• Sit back towards your heels as you place a bolster, a large firm pillow or two rolled blankets between your knees and inner thighs. 

  • You can place two yoga blocks on the lowest height under your bolster or pillow for more support. 

  • Place your hands on either side of your props. 

  • Breathe in through your nose, and on your breath out, slowly begin to ease your torso onto your props. 

  • As you bow forward, rest your abdomen and chest on your props. 

  • Turn your head to the right side to rest the left side of your face on your props. 

  • Relax your shoulders, arms and hands. 

  • Allow your breath to soften areas of tension in your body. 

  • Explore breathing into your back body. 

  • After about 3 minutes, turn your head to the left. 

  • Allow the right side of your face to rest on your props. 

  • Remain here for another 3 minutes, breathing in and out. 

Transitioning Out:

  • To transition out of Supported Child’s Pose, press your palms down into the earth. 

  • Using the support of the earth, slowly lift your torso away from your props. 

  • Slowly swing your legs to one side and make your way to a comfortable seat on your mat. 

Benefits: 

  • Encourages a gentle opening in your hips. 

  • Lengthens the spine. 

  • Stretches the tops of the ankles. 

  • Increases circulation to your head and neck. 

  • Stimulates your digestive system. 

  • Evokes feelings of calm, grounding and connection.


2. Grounding Spinal Twist


Grounding spinal twist

How To: 

  • Place your bolster, firm pillow or two stacked folded blankets lengthwise on your mat. 

  • Sit on your mat with your right hip resting against the narrow end of your bolster, pillow or blankets. 

  • Place your hands on either side of your prop.

  • Extend your legs, bending at your knees and tuck your feet in behind you.

  • You can place a folded blanket between your legs to create more space in your lower body.  

  • With your hands resting on either side of your prop, sit up tall, exploring length through the back body. 

  • Take a nourishing breath in through your nose, and on your breath out, begin to rotate at your torso. 

  • Turn your heart space and belly button towards your bolster.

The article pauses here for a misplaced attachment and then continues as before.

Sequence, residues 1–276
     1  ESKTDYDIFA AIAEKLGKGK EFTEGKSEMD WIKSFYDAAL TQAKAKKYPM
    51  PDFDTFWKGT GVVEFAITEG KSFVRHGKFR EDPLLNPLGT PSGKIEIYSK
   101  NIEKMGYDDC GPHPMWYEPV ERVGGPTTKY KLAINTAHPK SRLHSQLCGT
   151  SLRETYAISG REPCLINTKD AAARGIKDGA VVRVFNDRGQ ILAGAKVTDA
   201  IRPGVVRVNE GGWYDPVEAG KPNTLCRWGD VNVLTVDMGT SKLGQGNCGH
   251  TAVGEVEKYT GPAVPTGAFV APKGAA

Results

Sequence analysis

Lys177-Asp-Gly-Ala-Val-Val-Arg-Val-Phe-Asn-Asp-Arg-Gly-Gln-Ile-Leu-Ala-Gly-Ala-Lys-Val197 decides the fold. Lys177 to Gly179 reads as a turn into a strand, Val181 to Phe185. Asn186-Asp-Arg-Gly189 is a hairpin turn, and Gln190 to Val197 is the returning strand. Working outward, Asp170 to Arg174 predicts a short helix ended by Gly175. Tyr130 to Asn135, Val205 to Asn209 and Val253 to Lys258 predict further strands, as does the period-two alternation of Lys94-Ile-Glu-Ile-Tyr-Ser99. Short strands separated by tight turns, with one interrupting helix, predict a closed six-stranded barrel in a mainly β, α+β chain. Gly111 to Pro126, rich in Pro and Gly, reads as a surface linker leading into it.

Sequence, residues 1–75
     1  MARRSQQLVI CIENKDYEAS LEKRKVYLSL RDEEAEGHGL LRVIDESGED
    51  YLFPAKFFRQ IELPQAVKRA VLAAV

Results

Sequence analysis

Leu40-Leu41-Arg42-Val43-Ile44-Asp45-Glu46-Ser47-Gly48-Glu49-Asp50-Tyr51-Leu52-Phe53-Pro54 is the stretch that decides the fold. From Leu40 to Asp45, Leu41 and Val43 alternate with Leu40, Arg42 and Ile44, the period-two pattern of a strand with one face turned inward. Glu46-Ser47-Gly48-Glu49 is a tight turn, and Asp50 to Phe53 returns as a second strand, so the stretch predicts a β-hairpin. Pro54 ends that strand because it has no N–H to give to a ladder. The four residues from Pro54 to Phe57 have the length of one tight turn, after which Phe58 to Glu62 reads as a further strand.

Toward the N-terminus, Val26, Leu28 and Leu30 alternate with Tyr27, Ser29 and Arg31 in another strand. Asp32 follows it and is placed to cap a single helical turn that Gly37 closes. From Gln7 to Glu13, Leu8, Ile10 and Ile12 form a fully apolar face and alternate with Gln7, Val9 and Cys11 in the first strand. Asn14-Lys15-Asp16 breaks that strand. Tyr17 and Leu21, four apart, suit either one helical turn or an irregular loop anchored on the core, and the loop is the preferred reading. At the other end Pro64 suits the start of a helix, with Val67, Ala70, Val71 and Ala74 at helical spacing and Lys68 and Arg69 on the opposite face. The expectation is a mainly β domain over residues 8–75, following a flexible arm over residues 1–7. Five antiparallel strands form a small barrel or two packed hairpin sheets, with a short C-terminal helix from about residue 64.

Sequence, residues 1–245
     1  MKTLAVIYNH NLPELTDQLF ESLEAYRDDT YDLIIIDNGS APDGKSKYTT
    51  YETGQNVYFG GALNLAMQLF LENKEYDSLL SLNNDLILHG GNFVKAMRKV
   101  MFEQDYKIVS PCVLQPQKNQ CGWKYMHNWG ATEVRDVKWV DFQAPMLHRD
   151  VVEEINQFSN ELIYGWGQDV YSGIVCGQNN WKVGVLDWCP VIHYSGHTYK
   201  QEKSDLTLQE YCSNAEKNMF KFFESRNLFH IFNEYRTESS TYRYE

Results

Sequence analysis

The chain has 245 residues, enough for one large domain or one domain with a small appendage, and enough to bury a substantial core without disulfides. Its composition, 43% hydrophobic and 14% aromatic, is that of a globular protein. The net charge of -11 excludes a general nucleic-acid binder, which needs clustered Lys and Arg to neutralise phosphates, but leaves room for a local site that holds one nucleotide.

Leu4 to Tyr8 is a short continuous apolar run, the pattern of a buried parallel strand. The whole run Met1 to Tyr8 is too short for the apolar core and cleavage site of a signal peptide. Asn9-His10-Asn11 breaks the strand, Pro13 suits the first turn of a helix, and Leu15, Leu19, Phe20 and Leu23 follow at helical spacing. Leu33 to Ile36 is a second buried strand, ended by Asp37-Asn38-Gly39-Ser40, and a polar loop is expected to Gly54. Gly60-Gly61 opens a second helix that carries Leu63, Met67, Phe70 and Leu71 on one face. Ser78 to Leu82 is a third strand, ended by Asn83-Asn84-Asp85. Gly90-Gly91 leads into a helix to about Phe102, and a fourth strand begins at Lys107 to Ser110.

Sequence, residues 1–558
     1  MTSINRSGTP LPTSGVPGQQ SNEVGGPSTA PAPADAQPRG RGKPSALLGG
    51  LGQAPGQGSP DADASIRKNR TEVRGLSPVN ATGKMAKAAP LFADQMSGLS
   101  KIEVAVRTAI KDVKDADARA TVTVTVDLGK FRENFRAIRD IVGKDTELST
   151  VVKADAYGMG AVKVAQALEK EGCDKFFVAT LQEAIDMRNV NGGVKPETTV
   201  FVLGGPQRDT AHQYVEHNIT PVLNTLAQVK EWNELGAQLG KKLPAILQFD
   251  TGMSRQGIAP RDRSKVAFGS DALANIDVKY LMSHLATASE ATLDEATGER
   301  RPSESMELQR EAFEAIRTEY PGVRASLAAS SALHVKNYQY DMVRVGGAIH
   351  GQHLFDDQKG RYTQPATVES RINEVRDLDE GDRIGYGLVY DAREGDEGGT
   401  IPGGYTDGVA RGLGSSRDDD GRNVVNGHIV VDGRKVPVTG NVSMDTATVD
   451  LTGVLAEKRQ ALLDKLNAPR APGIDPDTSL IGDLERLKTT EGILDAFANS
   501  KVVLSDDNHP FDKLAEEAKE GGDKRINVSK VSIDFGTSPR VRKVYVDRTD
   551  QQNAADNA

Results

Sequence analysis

• Take another breath in, and on your breath out, slowly ease your torso onto your prop. 

  • Gently rest the right side of your face on your prop.

  • Remain in this Grounding Spinal Twist for 3 to 5 minutes, breathing into your back body (especially your lower back). 

  • Repeat on the other side; this time with your left hip resting against your bolster or pillow. 

Transitioning Out: 

  • When you feel ready to transition out of the pose, press your palms into the earth to help you press up to a seat on your mat. 

Benefits: 

  • Encourages gentle spinal rotation. 

  • Encourages healthy rotation in the ribcage. 

  • Stretches the lower back muscles. 

  • Improves circulation to your digestive tract, promoting healthy digestion.

  • Can provide relief from back pain, especially lower back pain.  

  • Evokes feelings of calm and ease.  


3. Head to Bolster Pose


Head to bolster pose

How To:

  • Find a cross-legged seat on your mat. 

  • Place your hands on the earth as you bring your feet out in front. 

  • Bring the soles of your feet together, and then allow your knees to open to the sides (opening like a book). 

  • Create some space between the soles of your feet so that you can place your bolster between your feet. 

  • Keep your hands on your bolster as you guide the one narrow end of the bolster towards your forehead or third eye point. 

  • Fold forward slightly to connect your head to your bolster. 

  • Release your arms to your sides, finding a position that feels good in your body. 

  • You can place yoga blocks under your outer thighs to support your lower body in this pose. 

  • Send your breath to the areas that are receiving a gentle stretch, such as your hips, glutes, inner thighs and back body.